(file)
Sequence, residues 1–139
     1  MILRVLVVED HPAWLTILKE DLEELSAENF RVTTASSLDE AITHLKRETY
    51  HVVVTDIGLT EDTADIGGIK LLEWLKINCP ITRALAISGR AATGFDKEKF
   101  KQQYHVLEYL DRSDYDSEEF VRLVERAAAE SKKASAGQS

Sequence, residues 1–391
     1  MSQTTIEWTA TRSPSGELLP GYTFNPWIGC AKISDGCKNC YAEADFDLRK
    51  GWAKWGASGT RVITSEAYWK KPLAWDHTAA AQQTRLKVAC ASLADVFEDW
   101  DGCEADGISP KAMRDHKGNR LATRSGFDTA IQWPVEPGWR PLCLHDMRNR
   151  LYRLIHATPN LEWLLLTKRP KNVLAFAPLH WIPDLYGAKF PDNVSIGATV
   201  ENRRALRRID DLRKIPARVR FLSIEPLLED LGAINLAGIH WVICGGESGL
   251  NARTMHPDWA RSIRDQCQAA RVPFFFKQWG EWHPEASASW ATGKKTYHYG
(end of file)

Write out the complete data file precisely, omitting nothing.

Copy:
Sequence, residues 1–139
     1  MILRVLVVED HPAWLTILKE DLEELSAENF RVTTASSLDE AITHLKRETY
    51  HVVVTDIGLT EDTADIGGIK LLEWLKINCP ITRALAISGR AATGFDKEKF
   101  KQQYHVLEYL DRSDYDSEEF VRLVERAAAE SKKASAGQS

Sequence, residues 1–391
     1  MSQTTIEWTA TRSPSGELLP GYTFNPWIGC AKISDGCKNC YAEADFDLRK
    51  GWAKWGASGT RVITSEAYWK KPLAWDHTAA AQQTRLKVAC ASLADVFEDW
   101  DGCEADGISP KAMRDHKGNR LATRSGFDTA IQWPVEPGWR PLCLHDMRNR
   151  LYRLIHATPN LEWLLLTKRP KNVLAFAPLH WIPDLYGAKF PDNVSIGATV
   201  ENRRALRRID DLRKIPARVR FLSIEPLLED LGAINLAGIH WVICGGESGL
   251  NARTMHPDWA RSIRDQCQAA RVPFFFKQWG EWHPEASASW ATGKKTYHYG